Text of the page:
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SAN FRANCISCO — The startup is housed in a garage-like space in San Francisco's tech-heavy South of Market neighborhood, but it isn't like most of its neighbors that develop software, websites and mobile-phone apps. Its mission is to find plant replacements for eggs.
The problem with holiday potlucks is the travel factor.
Looking to dazzle your guests during the holidays? I've got the perfect "fancy" dish for you. And I promise it requires no advanced culinary skills.
In this photo taken Tuesday, Dec. 3, 2013, with pictures of backers Bill Gates, left, and Tony Blair, right, in the background, research associate Camilla Hall measures a protein isolate at Hampton Creek Foods in San Francisco. Can plants replace eggs? A San Francisco startup backed by Bill Gates believes they can. Hampton Creek Foods is scouring the planet for plants that can replace chicken eggs in everything from cookies to omelets to French toast. Funded by prominent Silicon Valley investors, the upstart seeks to disrupt a global egg industry that backers say wastes energy, pollutes the environment, causes disease outbreaks and confines chickens to tiny spaces. (AP Photo/Eric Risberg)
After you've stuffed yourself with turkey and taters and gravy and pie and — of course — stuffing, you might be ready to do penance before the next rush of holiday calories.
Who doesn't love chocolate truffles? They are the essence of chocolate, and a sure-fire mood enhancer. Pop even one into your mouth and see if you don't get happy.
With the holidays getting into full swing, life for most of us is getting hectic. Between all the big meals, the parties, the kids needing treats for their classes, never mind our day jobs...! Who has time for it all?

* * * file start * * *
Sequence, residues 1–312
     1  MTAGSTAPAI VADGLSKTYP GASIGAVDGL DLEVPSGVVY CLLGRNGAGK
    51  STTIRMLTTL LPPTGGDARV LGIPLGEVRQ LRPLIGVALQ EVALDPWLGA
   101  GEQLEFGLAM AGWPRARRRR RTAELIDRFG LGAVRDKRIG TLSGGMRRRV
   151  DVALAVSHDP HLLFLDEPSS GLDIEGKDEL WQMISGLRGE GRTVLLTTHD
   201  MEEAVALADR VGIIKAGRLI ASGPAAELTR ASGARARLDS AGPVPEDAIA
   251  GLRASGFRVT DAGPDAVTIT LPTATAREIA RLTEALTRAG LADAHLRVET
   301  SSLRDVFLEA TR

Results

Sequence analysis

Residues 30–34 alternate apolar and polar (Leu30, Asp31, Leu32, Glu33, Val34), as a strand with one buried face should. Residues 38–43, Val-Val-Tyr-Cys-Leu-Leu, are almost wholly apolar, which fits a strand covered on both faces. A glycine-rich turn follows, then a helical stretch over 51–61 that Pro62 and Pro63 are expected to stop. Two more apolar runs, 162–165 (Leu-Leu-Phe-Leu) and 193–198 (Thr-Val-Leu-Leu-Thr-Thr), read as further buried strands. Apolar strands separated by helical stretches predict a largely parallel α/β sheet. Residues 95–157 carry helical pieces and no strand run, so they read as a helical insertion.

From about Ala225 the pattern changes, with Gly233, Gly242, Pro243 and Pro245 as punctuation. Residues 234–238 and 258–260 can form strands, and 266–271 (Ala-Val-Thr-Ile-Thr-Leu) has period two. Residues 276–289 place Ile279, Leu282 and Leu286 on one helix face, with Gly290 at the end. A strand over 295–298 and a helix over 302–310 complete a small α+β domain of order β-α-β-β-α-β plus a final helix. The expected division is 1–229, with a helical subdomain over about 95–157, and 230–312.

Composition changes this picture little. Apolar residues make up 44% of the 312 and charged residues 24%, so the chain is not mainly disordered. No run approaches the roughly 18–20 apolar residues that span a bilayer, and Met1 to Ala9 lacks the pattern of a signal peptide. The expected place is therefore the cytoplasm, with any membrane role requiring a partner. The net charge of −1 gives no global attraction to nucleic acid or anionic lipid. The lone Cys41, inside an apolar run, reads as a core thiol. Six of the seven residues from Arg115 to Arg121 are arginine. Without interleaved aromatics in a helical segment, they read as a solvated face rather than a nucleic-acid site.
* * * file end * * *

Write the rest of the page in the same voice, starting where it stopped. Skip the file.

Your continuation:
I was a happy little butterball when I was a kid. Sweets were my thing, desserts in particular. And chocolate desserts most of all. The one exception to the rule? My grandmother's oatmeal cookies.
Thanksgiving can be a landmine of a meal. Creative cooks who tinker too aggressively with classic recipes may find themselves at the head of a table of disgruntled diners.
Can we all just agree that by 2013 we should be able to do better by green beans than dumping canned soup and fried onions all over them? Surely, there is a better way.
If your Thanksgiving spread has just one pie — even if that one pie is of the classic pumpkin variety — you just aren't doing it right.
Much as I love butternut squash — and firmly believe it belongs on the Thanksgiving table — I've grown bored with the ways it typically shows up.
Like onions, leeks develop a rich, savory flavor when cooked slowly. And when cooked this way, they make an excellent addition to a creamy mound of mashed potatoes.
Injecting a taste of the exotic at Thanksgiving is a tricky business. After all, this is a holiday built on tradition; mess too much with what everyone loves and you're going to have some grumpy diners.
Roasted squash is so been-there-done-that. Not that it isn't delicious. But how many times can you get excited by tossing butternut chunks in oil and seasonings, then roasting?
Stop fussing over whether to prepare your Thanksgiving stuffing inside or alongside the turkey. Your life will be so much easier if you just embrace the wonder that is casserole dish stuffing.
Whatever you do this Thanksgiving, don't spoil your spread with underdressed vegetables.
Pastrami. Horseradish. Matzo. Frying in oil. All the makings of a traditional Jewish holiday meal. But this time, we add turkey, a nod to the first day of Hanukkah falling on Thanksgiving this year.
With Thanksgiving falling on the first day of Hanukkah, I wanted to look for ways to blend a little each holiday at the same table.
When it comes to leafy green vegetables, kale has been king for a while. It boasts more vitamin C than an orange, more calcium than milk, and more iron per calorie than beef.
WASHINGTON — Amid incidents of pets dying from dog treats, the Food and Drug Administration is proposing long-awaited rules to make pet food and animal feed safer.
Everyone loves the idea of a grilled pork chop, but they often fall short of expectations. And I blame the butcher!
A chicken Parmesan that's big on flavor, but not on fat? It's easier — and more weeknight-friendly — than you might think.
Potato latkes may be the best known variety of this crispy staple of Hanukkah meals, but don't feel you need to limit yourself to them.
Hanukkah and Thanksgiving may not coincide very often, but these pumpkin honey doughnuts will make you wish they did.